Mass shootings grab headlines and garner wall-to-wall television coverage. But the random mass shooting by clearly emotionally deranged individuals is not the only gun violence issue we face as a nation.
Despite what many on the Left will tell us, there is a lot of blame to go around. The perennial gun debate is merely a smokescreen for societal conditions created by the Left and failures of the Right.
There’s a trap here to be sure. Therefore, it is not only vital to examine the recommendations, but also the beliefs and motivations of those driving the conversation to potentially avoid being manipulated by current circumstances.
For starters, many of the same people who believe more stringent immigration and voter identification laws are bad for America now want to drive the conversation on restricting gun ownership. That, in and of itself, should give most Americans pause and spur a demand for a more complete, national discussion about the policies and societal norms, often driven by the Left, that contribute to gun violence.
Young people grow up in a culture that devalues life. They’ve been taught by the Left that an unborn child, with a beating heart, even one that is fully formed and days away from birth, is not a human being and can be killed. Taxpayers should even pay for it. They’re seeing assisted suicide laws being pushed by liberals in places like California.
They see the images of unspeakable violence, tragedy, and scandal on the internet every day in full color. It’s everywhere and curated by largely Left-wing dominated tech and media companies that make money from clicks and views. They get clicks from stoking fear, anger, and resentment in a nation that is full of people who live in peace with one another every day. Twenty-five years of the internet and perception is becoming reality.
Too many Americans over the last two decades have been raised as part of the Left’s victim and grievance culture. On television and in the press, they are pounded with messages about supposed gross injustice around every corner. As the Left pushes the narrative that this country is a force for oppression, more people lose faith in the promise of America. It turns us colder toward our neighbors.
Young black men are killing each other in the streets of Chicago and other cities failed by decades of the Left’s failed policies, not because they have access to guns. In 2018 alone, 431 Blacks were murdered in Chicago and there were another 242 homicides in Baltimore for the same period. That’s not random violence. It’s a human calamity that goes largely unreported.
Republicans and conservatives have largely ignored the plight of the inner cities. If those young men grew up in neighborhoods with better housing, quality education, and had more economic opportunities instead of being trapped in government programming, created, fed, and expanded by the Left, they wouldn’t be killing each other in the streets.
Young people today are taught by the Left that they need “safe spaces” and that it’s normal to be “triggered” by words and ideas. A Colorado college just released a ten-page handbook of offensive words and phrases students should avoid, including the word ‘America.’
They’ve been taught by Left-wing academics and the media that faith in God is for the simple, ignorant, and even bigoted. While the far left diminishes or attacks organized religion, studies consistently show religious people are happier, live longer, respect life, are less lonely and have a greater sense of self-worth.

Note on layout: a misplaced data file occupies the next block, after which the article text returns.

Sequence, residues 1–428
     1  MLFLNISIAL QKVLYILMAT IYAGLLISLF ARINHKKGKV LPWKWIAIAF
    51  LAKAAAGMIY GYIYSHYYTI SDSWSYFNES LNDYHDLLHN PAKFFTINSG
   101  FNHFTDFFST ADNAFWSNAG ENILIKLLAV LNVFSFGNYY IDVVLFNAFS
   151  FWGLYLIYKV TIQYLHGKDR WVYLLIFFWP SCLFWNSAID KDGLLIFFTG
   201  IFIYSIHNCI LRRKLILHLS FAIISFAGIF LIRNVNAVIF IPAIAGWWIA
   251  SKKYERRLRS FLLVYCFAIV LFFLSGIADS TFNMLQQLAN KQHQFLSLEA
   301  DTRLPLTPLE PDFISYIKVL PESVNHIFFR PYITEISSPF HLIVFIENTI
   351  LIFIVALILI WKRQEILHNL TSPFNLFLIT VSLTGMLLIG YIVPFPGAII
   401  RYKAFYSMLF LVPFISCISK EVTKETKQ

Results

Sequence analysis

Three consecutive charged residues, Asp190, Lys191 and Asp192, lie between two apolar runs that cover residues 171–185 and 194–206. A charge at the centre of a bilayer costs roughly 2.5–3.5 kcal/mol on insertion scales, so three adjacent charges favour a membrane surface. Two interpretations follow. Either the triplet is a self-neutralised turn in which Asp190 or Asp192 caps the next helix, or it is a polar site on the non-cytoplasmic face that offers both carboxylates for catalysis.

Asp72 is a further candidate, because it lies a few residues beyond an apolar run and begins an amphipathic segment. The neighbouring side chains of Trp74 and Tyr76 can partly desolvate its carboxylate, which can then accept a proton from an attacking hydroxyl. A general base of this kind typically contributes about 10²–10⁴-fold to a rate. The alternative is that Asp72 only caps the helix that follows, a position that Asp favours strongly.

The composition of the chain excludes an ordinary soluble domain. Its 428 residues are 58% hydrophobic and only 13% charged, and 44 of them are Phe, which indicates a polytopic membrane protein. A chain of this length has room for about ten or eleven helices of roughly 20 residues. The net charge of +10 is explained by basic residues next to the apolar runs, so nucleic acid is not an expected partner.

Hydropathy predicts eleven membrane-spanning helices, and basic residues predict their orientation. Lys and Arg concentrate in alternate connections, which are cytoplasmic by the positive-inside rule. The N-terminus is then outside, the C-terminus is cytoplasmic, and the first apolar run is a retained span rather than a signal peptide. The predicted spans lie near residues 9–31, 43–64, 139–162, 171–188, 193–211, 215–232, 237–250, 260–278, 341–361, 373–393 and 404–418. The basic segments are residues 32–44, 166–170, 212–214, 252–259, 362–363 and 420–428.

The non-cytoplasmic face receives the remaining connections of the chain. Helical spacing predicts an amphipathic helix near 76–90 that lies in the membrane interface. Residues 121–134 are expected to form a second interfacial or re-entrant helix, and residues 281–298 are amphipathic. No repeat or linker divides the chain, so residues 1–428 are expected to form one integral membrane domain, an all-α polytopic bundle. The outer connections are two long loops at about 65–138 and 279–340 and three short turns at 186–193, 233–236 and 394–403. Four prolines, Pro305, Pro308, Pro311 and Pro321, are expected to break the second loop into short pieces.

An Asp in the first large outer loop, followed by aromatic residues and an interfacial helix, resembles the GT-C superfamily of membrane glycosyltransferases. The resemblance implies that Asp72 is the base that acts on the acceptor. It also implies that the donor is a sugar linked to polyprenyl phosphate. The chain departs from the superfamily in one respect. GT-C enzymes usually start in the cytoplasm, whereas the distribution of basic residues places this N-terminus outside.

The loneliness epidemic in America is real, particularly among our young people. A recent study showed that 20 percent of millennials feel like they don’t have friends. Screen time is making people disinterested in real interpersonal relationships.
Internet use and social media are making people sick. There is a growing corpus of research that shows it is having a negative impact on the psychology of our people. Violent, realistic video games do feed the violence problem and virtual reality is just beginning to blur the lines of realism and morality. Liberal tech giants like Facebook and Google help create cold, impersonal communities that form a digital barrier between people while telling us it’s bringing us together.
The Left is pushing a new drug culture in the form of high-potency legal pot products that lower IQ, can deaden emotions, lead to psychosis, depression, and suicide. Addiction-for-profit activism is being nonsensically framed as social justice by liberal politicians, while the policy ensnares more and more lives.
So as we (hopefully) have a national conversation about guns and violence, it is vital that we scrutinize who is talking and their views on issues far beyond guns. If not, we could end up with the very people who helped create the problem making policy. That’s the trap.
Tom Basile has been part of the American political landscape from Presidential campaigns to local politics. He served in the Bush Administration from 2001-2004, as Executive Director of the NYS Republican Party and has held a range of senior-level communications roles in and out of government. Basile's critically-acclaimed book, "Tough Sell: Fighting the Media War in Iraq" (Foreword by Amb. John R. Bolton), chronicles his time in Baghdad fighting media bias and driving fairer coverage of the Iraq war. In 2011, he was featured in Time Magazine's Person of the Year spread about political activism around the world. Basile is an adjunct professor at Fordham University, a local elected official and runs a New York-based strategic communications firm. He is a member of the New York Bar and sits on a number of academic and philanthropic advisory boards. Learn more about him at TomBasile.com or follow him on Twitter @Tom_Basile. To read more of his reports — Click Here Now.
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